Please join us TOMORROW (Oct 7th) to acknowledge the continued harm and hardship caused by the closure of Long Island, the lives of those individuals who were impacted and demand swift action from the city of Boston and the state of MA.

9:00AM Rally & Speak Out at Recovery Road at the corner of Melnea Cass Blvd. & Mass Ave.

Speakers Include:

People who are currently experiencing or have experienced homelessness or are in or seeking recovery from opioid addiction and have been negatively impacted by the closure of Long Island; representatives from Boston Homeless Solidarity Committee, Mass Alliance of HUD Tenants and more TBA.


-Housing NOT Warehousing!
People’s stay in emergency shelters should only be for a brief period of time, during which they are treated with dignity and respect. Shelters must improve facilities and implement dignified and trauma informed treatment and clear processes. Moreover, shelter services need to be increased to meet the demand for emergency beds, as Boston shelters are regularly over capacity and we expect an articulated and meaningful “winter plan” to accommodate the increased need for shelter during inclement weather, not simply shuttling people to sleep on the floor of partner service providers. People experiencing homelessness need meaningful avenues to permanent housing including a City Funded Housing Voucher Program.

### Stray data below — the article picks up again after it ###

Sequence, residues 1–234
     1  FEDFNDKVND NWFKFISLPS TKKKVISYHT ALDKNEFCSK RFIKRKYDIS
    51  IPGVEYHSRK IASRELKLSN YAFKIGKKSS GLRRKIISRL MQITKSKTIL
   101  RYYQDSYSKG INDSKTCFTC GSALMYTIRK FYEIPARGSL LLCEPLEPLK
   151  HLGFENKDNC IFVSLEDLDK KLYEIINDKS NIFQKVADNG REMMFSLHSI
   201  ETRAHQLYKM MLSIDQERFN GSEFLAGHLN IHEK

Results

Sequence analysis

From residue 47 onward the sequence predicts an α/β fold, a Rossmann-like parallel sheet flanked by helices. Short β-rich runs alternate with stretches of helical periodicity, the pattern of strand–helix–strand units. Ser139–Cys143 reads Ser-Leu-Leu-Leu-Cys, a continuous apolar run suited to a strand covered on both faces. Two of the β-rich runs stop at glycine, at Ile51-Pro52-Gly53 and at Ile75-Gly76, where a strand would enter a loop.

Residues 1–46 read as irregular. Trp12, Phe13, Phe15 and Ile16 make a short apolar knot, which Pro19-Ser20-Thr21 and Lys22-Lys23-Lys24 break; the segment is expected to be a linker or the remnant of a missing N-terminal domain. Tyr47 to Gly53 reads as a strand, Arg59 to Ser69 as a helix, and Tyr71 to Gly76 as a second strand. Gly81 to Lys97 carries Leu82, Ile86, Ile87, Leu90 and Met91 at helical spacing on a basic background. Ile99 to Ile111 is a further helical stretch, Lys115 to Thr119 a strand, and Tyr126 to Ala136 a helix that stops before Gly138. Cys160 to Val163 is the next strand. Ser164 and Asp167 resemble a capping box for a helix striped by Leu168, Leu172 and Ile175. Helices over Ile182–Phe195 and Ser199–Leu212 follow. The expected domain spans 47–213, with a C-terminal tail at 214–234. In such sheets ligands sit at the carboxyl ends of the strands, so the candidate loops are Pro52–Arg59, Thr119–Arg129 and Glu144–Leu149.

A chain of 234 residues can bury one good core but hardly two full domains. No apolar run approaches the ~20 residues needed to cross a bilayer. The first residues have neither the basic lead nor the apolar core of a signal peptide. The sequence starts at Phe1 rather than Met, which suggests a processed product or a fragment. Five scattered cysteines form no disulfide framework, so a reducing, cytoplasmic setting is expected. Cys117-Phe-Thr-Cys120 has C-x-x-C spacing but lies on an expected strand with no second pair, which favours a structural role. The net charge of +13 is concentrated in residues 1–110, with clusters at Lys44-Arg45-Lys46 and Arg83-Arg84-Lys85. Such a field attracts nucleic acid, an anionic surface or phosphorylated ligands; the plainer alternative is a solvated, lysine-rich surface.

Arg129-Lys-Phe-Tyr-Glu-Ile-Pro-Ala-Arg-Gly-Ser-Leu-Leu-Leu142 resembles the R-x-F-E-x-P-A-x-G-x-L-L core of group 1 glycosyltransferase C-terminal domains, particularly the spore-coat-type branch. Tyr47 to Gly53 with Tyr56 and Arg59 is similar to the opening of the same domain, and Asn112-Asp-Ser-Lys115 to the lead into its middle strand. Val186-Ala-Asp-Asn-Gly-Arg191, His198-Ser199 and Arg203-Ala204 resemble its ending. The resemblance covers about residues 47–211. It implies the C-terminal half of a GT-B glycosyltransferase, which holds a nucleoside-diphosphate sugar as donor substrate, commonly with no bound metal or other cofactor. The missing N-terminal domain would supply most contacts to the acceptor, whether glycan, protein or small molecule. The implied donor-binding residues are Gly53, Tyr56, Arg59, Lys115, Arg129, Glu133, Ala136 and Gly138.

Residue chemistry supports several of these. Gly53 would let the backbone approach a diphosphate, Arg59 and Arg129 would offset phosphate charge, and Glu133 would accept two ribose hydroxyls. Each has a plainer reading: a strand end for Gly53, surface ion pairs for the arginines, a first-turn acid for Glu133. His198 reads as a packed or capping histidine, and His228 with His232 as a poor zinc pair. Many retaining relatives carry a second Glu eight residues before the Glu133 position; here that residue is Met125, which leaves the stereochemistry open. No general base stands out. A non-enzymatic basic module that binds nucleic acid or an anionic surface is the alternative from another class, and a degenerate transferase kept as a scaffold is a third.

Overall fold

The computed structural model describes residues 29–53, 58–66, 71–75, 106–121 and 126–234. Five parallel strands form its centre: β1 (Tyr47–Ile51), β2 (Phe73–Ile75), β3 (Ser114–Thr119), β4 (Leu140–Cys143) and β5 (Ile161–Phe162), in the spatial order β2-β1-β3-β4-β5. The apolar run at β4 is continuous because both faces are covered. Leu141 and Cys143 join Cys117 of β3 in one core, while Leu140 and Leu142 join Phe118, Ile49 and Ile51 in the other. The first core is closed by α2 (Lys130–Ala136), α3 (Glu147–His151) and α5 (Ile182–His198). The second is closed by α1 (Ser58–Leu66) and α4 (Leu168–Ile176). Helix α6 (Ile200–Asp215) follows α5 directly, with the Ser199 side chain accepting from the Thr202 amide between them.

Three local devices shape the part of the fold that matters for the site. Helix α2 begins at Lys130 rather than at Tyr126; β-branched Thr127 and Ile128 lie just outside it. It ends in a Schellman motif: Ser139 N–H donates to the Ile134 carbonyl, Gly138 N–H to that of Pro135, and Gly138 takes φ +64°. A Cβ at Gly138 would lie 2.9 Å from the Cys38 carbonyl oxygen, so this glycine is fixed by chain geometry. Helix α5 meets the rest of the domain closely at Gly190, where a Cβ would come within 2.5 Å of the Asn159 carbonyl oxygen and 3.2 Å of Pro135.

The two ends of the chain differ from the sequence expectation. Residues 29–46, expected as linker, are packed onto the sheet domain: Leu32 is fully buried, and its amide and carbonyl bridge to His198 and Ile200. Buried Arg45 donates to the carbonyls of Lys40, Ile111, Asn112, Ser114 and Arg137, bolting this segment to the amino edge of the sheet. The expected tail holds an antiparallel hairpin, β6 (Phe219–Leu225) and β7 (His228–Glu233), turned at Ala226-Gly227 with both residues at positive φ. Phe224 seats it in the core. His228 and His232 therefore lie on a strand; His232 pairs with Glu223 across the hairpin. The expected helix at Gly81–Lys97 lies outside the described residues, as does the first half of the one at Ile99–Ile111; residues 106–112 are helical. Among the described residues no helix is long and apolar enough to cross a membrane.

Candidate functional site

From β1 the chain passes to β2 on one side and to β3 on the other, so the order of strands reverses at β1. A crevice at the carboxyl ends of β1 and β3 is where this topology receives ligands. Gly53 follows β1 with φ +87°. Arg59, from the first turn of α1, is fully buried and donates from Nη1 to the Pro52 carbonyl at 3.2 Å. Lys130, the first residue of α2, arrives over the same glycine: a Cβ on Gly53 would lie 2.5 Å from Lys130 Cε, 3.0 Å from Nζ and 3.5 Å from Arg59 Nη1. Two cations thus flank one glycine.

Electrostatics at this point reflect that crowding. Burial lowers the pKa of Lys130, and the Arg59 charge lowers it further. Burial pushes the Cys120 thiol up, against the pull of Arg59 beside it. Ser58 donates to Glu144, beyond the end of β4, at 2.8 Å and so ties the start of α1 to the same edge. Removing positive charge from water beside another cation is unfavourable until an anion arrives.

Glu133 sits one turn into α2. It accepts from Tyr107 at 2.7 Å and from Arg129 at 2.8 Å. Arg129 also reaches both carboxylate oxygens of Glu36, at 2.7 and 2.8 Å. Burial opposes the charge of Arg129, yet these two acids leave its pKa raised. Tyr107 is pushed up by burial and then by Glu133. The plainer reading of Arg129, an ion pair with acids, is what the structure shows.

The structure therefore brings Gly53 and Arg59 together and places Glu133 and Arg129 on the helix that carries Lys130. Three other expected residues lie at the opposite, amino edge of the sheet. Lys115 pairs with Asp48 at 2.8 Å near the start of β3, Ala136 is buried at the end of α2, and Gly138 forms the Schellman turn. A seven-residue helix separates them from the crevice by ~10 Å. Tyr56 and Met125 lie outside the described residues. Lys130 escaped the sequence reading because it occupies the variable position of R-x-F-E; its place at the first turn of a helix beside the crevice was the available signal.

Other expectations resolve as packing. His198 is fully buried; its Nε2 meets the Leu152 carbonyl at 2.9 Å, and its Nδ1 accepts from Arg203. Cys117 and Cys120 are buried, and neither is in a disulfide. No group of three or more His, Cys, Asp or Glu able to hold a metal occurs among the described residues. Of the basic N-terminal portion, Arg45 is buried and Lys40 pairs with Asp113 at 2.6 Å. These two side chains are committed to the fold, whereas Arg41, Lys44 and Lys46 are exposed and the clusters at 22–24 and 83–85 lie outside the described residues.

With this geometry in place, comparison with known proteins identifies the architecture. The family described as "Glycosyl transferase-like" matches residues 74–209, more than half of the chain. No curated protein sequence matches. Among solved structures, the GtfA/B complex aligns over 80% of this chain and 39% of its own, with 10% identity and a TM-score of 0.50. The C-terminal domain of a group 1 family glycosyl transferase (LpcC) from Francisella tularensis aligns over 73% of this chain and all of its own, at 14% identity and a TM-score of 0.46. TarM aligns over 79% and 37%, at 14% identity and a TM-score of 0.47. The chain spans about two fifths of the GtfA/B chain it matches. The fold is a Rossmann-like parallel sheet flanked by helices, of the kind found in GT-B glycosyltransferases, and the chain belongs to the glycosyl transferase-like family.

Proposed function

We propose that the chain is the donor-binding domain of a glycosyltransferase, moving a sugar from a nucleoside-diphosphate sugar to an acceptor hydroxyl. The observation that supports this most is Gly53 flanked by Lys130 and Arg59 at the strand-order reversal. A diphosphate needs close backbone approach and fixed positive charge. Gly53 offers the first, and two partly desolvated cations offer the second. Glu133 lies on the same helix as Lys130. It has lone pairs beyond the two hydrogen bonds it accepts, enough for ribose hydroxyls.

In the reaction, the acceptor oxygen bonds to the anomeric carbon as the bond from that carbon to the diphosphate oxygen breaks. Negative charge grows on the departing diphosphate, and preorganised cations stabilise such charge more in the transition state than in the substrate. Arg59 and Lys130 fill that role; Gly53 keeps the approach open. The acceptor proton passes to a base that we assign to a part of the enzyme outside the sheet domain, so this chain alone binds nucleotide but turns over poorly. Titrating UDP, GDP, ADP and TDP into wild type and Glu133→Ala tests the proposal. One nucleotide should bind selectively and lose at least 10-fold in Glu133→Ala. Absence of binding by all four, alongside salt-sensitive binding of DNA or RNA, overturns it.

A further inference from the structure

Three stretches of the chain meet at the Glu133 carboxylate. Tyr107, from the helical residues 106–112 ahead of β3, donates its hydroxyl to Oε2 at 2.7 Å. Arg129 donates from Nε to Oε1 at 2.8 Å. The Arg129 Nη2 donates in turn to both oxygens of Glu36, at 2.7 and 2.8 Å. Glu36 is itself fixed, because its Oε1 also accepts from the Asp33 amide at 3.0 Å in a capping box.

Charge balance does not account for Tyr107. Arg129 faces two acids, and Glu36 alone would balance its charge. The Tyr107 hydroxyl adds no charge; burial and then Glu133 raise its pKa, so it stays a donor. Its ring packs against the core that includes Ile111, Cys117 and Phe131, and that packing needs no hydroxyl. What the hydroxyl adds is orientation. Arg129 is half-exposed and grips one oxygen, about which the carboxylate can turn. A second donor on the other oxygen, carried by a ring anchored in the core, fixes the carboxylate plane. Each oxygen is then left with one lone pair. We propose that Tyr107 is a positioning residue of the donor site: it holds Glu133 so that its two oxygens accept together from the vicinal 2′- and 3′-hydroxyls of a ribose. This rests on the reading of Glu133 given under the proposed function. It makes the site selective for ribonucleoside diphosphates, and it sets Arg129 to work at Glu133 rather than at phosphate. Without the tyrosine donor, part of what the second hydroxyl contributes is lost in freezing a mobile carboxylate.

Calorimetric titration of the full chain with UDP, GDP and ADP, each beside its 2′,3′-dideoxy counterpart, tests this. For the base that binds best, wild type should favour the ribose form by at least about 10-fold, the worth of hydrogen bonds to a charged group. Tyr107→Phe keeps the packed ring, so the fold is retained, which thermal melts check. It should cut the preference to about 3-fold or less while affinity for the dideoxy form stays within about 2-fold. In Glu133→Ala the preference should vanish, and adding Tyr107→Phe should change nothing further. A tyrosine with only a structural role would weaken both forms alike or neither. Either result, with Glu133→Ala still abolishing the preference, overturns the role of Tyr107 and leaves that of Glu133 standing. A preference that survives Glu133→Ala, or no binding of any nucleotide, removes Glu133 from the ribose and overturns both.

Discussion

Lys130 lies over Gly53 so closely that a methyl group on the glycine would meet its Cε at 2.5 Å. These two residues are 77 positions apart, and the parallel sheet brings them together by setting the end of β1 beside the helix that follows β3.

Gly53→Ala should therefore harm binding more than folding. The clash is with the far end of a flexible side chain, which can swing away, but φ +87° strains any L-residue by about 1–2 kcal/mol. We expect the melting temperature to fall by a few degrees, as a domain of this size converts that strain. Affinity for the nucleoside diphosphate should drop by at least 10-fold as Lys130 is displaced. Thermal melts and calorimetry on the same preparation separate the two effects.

-Increase Treatment Beds NOW!
Since the closure of Long Island there has been no meaningful increase in the number of stabilization and long-term recovery beds for people in active opioid use seeking sobriety. People in active use need treatment on demand! Increased stabilization beds must be sited and made available immediately and long-term recovery beds can be sited immediately in the empty facilities that have been kept up on Long Island using ferry transport and emergency boats as needed.